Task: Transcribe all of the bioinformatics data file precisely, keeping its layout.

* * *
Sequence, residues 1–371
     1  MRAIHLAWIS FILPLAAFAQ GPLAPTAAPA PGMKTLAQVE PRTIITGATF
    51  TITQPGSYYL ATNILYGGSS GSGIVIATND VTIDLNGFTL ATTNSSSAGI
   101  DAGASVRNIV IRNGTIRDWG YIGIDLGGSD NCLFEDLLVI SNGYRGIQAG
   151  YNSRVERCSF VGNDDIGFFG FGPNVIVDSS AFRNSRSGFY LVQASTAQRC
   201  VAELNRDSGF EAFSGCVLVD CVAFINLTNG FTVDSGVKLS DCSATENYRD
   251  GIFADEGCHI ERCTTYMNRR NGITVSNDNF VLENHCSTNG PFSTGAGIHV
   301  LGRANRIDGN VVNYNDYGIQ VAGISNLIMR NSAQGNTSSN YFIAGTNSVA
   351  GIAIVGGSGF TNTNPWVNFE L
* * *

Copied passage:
Sequence, residues 1–371
     1  MRAIHLAWIS FILPLAAFAQ GPLAPTAAPA PGMKTLAQVE PRTIITGATF
    51  TITQPGSYYL ATNILYGGSS GSGIVIATND VTIDLNGFTL ATTNSSSAGI
   101  DAGASVRNIV IRNGTIRDWG YIGIDLGGSD NCLFEDLLVI SNGYRGIQAG
   151  YNSRVERCSF VGNDDIGFFG FGPNVIVDSS AFRNSRSGFY LVQASTAQRC
   201  VAELNRDSGF EAFSGCVLVD CVAFINLTNG FTVDSGVKLS DCSATENYRD
   251  GIFADEGCHI ERCTTYMNRR NGITVSNDNF VLENHCSTNG PFSTGAGIHV
   301  LGRANRIDGN VVNYNDYGIQ VAGISNLIMR NSAQGNTSSN YFIAGTNSVA
   351  GIAIVGGSGF TNTNPWVNFE L